Givin’ it the old college try: Daniel Womack of Futurebirds
On its new four-song EP, “Bloomin’,” Athens, Georgia-based rock outfit Futurebirds tapped Carl Broemel to not only produce the album, but also collaborate, as heard on the powerhouse track “Blue Eyed Girl.”
Guitarist for rock juggernaut My Morning Jacket, Broemel is yet another step onward and upward for the ‘Birds — arguably the wildest, most intriguing and invigorating ensemble in America right now. Some 12 years into its coast-to-coast musical odyssey, the ‘Birds remain a steadfast, ever-evolving entity of sonic textures and lyrical aptitude.
And it’s that “hell or high water” mentality the ‘Birds have retained at its core since its inception that lies at the foundation of this current, bountiful chapter for the band — a raucous stage presence and intricate artistic purpose of unlimited possibility and potential.
Smoky Mountain News: Futurebirds were lining up for a breakthrough year in 2020. New album. National tour. Then, the shutdown. What’s been your big takeaway with that, and with live music slowly coming back?
Daniel Womack (guitarist): Personally, I’ve just been reflecting a lot, honestly. On just what we’ve gone through these past 12 years as a band. We’ve been touring relentlessly pretty much the whole time until 2020.
And [during the shutdown], I’ve been going through pictures, going through memories. It was the first time in a long time that I’ve been like, “Wow, we’ve really been through a lot.” We’ve been through all the clichés of van life and being a band on the road for the past decade.
And feeling successful for the first time also, in a way that we had never been. Everything was so crazy during the pandemic. But, for some reason, we stayed afloat, and even thrived at certain points.
I think if it weren’t for putting in the groundwork and the road work that we did for the past decade — building relationships with our fans — then [our post-pandemic survival] wouldn’t have even been possible.
SMN: And that’s what I hear from a lot of longtime musicians and bands. They all say the key to being successful in the music industry is, “don’t quit.”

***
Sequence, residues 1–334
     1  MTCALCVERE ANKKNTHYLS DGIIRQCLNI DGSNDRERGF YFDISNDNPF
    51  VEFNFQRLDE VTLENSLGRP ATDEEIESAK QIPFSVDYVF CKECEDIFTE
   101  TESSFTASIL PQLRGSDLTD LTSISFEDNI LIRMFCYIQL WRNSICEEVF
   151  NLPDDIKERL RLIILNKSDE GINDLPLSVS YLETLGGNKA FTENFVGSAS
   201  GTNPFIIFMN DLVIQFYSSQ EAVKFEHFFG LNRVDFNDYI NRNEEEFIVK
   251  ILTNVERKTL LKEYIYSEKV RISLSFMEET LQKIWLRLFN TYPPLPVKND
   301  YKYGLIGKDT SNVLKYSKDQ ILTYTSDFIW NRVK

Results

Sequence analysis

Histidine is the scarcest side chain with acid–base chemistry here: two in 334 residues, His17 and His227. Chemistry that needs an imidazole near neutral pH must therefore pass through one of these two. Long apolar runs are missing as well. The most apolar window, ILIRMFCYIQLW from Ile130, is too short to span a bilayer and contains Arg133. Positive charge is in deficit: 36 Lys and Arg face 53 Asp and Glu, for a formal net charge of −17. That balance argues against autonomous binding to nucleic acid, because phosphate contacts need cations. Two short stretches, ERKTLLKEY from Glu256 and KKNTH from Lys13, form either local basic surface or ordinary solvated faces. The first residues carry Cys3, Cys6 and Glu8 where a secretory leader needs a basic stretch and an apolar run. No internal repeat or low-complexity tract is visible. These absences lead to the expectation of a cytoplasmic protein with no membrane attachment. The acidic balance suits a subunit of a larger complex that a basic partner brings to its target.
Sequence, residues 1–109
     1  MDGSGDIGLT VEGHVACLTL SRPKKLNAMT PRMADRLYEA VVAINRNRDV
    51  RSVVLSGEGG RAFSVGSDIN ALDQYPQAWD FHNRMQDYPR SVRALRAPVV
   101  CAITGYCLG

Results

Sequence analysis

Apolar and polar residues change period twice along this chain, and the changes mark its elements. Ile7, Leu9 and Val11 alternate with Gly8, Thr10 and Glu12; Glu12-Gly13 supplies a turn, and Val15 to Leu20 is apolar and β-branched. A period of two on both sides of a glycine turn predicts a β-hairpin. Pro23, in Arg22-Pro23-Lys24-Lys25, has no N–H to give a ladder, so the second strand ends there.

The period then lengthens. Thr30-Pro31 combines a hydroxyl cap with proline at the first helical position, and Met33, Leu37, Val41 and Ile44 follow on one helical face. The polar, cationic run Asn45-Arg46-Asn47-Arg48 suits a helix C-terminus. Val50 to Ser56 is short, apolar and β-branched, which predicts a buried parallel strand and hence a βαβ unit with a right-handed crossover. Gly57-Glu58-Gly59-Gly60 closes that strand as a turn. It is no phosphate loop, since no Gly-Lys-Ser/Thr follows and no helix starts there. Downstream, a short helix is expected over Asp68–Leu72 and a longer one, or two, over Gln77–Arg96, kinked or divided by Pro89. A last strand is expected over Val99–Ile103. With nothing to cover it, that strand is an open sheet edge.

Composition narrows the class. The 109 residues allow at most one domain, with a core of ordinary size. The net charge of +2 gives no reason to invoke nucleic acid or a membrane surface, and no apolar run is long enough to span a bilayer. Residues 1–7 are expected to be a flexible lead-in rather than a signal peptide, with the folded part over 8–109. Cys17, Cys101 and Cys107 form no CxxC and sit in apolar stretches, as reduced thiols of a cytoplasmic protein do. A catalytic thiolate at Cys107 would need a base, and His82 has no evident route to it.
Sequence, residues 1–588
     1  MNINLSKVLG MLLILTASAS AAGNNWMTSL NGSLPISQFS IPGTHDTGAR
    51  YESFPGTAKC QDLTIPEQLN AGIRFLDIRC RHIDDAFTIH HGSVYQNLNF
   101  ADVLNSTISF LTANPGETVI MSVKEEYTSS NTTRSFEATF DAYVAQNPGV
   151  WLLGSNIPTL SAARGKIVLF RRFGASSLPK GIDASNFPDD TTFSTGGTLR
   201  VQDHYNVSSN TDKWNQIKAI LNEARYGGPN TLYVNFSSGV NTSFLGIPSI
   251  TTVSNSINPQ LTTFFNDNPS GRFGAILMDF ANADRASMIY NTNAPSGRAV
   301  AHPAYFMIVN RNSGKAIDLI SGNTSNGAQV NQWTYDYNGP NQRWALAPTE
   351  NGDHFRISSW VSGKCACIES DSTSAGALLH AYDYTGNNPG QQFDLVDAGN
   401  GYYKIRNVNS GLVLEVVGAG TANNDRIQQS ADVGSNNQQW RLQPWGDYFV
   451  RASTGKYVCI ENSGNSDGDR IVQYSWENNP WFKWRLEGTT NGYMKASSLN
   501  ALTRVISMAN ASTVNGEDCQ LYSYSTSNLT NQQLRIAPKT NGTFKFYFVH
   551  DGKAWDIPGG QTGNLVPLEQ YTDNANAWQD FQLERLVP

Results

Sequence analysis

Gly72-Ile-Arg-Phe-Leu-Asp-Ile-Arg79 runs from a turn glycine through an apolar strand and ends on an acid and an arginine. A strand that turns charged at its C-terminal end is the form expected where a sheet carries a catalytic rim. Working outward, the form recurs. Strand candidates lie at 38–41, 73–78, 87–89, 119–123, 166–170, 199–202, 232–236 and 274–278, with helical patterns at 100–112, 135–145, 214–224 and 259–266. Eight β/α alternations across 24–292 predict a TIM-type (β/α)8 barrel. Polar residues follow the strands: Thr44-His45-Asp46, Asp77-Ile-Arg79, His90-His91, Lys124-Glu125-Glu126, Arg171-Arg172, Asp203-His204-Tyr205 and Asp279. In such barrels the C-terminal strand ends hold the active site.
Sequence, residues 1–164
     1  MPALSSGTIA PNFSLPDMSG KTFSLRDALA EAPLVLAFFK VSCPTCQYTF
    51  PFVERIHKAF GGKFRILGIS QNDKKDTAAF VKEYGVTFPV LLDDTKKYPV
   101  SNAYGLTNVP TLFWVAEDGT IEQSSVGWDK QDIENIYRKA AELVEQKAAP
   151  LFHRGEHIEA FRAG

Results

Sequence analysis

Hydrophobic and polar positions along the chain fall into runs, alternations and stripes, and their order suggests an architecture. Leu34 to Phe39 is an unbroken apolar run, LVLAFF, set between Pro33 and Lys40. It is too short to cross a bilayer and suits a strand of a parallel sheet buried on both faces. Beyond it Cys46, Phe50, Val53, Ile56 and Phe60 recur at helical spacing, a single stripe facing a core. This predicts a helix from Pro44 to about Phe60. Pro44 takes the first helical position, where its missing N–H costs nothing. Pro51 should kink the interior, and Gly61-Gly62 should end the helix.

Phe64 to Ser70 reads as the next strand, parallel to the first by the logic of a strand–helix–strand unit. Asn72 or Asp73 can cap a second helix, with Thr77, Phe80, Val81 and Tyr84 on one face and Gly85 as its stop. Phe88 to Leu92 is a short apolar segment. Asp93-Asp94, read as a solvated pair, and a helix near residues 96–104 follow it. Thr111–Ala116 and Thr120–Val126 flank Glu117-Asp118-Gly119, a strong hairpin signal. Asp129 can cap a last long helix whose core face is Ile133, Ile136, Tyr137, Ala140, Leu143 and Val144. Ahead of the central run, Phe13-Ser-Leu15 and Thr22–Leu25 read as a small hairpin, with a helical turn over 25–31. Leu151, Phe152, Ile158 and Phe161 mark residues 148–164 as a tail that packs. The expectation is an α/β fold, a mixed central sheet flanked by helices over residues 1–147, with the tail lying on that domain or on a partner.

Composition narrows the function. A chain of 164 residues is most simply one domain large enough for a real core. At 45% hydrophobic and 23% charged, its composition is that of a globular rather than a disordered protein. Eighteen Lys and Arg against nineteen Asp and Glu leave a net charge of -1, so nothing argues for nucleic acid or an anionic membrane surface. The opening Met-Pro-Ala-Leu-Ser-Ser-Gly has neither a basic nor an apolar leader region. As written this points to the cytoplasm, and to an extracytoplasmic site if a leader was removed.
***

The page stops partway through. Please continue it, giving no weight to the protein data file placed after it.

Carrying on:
DW: Yeah. I mean, some people had told us that after that decade mark [things would start to happen]. You know, it’s true, even for regular businesses. Things just started happening.
I remember people [would tell us to] “just keep going.” And we were probably eight or nine [years together] at that point. That’s just one of those things [where we thought] it wouldn’t happen to us. But, as soon as we hit the decade mark, things started to fall into place a little bit.
Then, we released [the album] “Teamwork” two months before the pandemic actually hit. But I think we’re now starting to see the result of all that [momentum], getting back on the road in a more consistent way these last few months. We’re selling out pre-sale tickets everywhere, which hasn’t ever really happened, to be honest with you.
And I think that’s a result of “Teamwork” leading into “Bloomin’” with Carl, as well. Those two releases and everything else that we’ve done the past decade or more is the reason we’re doing what we’re doing today, which is staying afloat and staying busy.
SMN: After all the blood, sweat and tears, everything is now starting to come into focus.
DW: Absolutely. We’ve very grateful as to how it’s going right now, that level of gratitude that we’ve got. For many years, it wasn’t like that. I remember there’d be 50 people or whatever [at a show]. Now, it’s consistent [sold out concerts] all over the Southeast and up into New York. It’s motivating and energizing — we’re always looking at the next level, which is part of our nature.
And yet, all of us did at some point — deep down — knew that this was where it was going, and that we were capable of this. You’re never certain, but that’s part of the reason we’re here — we never quit.
It has taken a decade or so to get to this point as to what’s actually happening. There have been so many ups and down, peaks and valleys, during that decade, too. But, if you can make it to the other side, I think you’re good to go. Everything starts building on itself.
We have a long way to go. We have a lot of work to do. But we’re stoked that this is the case. It’s good now, but it’s just the beginning — this next level is just the beginning.
Want to go?
Rising rockers Futurebirds and Moon Taxi will perform at 6:30 p.m. Saturday, Oct. 9, on the outdoor stage at the Salvage Station in Asheville.
Sparkle City Disco will kick off the show. Doors open at 5 p.m. Tickets are $25 in advance, $30 day of show (general admission).
For more information and/or to purchase, go to www.salvagestation.com and click on the “Events” tab.